that can be allocated at their discretion

The costs of debt
  • First, higher levels of debt increase the
    probability of financial distress in a firm
  • Given a certain level of debt payments, firms
    with more volatile operating earnings are faced
    with a higher probability of financial distress
  • The costs of financial distress can be very high
    for a firm and managers would prefer to avoid
  • Direct costs
  • Indirect costs

  • Second, debt may create conflicts between
    stockholders and bondholders within a firm
  • Managers, acting in the interest of stockholders
    may want to pursue investments with high risk
  • Creditors do not want managers to pursue projects
    of high risk as this affects the firms ability
    to pay back its obligations
  • Creditors frequently include covenants that
    restrict the use of borrowed funds by managers

  • Third, higher debt comes with the cost of lower
    financial flexibility for the firm
  • Financial managers value financial flexibility
  • They want to choose a level of debt that allows
    them to pursue the firms business strategy
  • They also want to maintain adequate unused debt
    capacity that will cover the firms potential
    future borrowing needs
  • They care about preserving the firms credit
    rating (investment grade)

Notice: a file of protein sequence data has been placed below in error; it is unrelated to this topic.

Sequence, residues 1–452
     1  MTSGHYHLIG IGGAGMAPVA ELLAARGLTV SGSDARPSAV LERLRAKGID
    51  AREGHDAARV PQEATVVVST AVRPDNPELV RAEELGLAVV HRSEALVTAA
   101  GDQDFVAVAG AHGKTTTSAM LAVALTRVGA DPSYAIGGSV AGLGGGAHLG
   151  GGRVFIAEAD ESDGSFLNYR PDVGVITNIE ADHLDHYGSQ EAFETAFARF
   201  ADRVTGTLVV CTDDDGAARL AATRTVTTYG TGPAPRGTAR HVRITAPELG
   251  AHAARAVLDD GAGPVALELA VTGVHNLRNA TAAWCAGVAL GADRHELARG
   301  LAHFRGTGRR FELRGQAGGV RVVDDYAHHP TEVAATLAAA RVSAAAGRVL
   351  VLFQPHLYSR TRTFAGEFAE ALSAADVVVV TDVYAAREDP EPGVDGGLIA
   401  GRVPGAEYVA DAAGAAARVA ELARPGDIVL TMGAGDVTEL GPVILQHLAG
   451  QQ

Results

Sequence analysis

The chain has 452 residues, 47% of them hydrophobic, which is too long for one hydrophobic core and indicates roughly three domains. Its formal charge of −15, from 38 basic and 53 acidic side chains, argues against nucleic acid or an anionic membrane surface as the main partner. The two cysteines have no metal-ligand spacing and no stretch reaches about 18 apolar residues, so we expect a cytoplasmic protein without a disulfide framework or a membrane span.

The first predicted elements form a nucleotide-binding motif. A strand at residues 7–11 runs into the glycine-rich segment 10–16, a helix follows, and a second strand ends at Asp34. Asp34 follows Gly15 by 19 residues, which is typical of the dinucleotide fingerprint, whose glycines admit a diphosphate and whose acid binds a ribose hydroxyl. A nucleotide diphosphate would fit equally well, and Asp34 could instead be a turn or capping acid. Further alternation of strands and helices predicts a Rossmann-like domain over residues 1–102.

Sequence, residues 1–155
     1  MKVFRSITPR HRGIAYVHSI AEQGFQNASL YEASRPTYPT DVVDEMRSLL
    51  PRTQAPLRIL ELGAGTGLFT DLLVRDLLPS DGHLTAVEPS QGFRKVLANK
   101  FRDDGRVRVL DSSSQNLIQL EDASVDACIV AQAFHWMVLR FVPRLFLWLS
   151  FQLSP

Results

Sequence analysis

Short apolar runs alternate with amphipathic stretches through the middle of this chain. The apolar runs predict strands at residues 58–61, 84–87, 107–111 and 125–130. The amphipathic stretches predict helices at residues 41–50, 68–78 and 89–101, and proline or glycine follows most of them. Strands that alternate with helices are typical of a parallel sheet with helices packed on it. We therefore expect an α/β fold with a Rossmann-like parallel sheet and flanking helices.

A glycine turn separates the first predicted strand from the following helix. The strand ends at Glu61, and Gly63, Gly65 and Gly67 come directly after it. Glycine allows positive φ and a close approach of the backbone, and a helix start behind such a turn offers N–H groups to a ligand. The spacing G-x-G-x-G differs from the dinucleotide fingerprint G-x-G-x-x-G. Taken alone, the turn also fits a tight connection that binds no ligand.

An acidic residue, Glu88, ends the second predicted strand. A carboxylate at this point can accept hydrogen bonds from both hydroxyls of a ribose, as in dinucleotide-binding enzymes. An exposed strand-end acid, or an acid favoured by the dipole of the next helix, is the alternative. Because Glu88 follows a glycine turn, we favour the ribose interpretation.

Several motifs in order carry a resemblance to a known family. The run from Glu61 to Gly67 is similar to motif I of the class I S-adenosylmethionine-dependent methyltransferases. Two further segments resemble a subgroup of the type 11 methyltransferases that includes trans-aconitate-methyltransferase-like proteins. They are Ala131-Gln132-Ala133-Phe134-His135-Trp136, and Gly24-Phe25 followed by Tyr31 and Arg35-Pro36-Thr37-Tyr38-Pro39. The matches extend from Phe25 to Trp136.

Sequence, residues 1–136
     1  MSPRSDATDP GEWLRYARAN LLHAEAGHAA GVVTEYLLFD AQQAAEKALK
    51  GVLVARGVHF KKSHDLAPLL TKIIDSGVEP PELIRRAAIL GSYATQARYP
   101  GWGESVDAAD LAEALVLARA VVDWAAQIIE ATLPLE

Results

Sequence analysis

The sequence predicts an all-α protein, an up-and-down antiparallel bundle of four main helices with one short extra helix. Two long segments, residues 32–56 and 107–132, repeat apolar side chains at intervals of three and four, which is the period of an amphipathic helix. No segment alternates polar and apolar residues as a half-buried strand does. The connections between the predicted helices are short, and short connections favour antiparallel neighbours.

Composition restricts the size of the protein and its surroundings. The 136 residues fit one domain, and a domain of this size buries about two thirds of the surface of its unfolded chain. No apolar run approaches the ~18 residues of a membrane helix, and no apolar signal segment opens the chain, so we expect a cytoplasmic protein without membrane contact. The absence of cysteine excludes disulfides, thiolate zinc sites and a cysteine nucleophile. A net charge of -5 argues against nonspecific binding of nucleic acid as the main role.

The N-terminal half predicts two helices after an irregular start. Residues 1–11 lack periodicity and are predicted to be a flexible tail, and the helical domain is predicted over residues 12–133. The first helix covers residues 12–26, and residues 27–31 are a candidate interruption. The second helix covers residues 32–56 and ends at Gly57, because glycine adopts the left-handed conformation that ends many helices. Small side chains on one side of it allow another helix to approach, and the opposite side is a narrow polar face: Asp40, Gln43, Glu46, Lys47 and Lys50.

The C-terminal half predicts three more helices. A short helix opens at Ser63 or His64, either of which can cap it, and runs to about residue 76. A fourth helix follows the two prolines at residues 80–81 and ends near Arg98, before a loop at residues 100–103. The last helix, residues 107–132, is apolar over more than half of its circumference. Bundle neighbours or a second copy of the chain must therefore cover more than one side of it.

Financial leverage and the returns to stockholders
  • Stockholders must consider the impact that
    financial leverage has on the returns to equity
    when they examine the tradeoff between debt and
  • Higher leverage can lead to higher returns for
    stockholders, compared to a scenario of low
    leverage, when the firms earnings are good
  • However, when earnings are low, higher leverage
    results in higher losses for stockholders
    compared to the scenario of low leverage

Example 1 Financial leverage, EPS and ROE
  • Suppose that the GL corporation has assets of 8m
    which are financed only with equity of 8m
    (400,000 shares with a current price of 20 per
  • The firm is considering restructuring its capital
    structure by issuing debt of 4m and use the
    proceeds to purchase 200,000 of its shares (equal
    to 4m)
  • The companys new capital structure has 50 debt,
    so the debt-equity ratio is 1
  • What is the impact on ROE and EPS if the interest
    rate is 10?

The variability of ROE and EPS is magnified with
financial leverage
EBIT-EPS RelationshipAt the EBIT level of
800,000, the firm is indifferent between the two
capital structures. If EBIT is projected above
800,000, leverage is beneficial to the firm
With debt
Disadvantage to debt
No debt
Advantage to debt
Break-even EBIT
- 2
Is there an optimal capital structure?
  • According to the tradeoff theory of capital
    structure, the firm examines the benefits and
    costs of debt when selecting its financing mix
  • As a starting point in this analysis, we can
    consider the two propositions by Modigliani and
    Miller (MM) who proved that
  • The firms choice of capital structure has no
    impact on firm value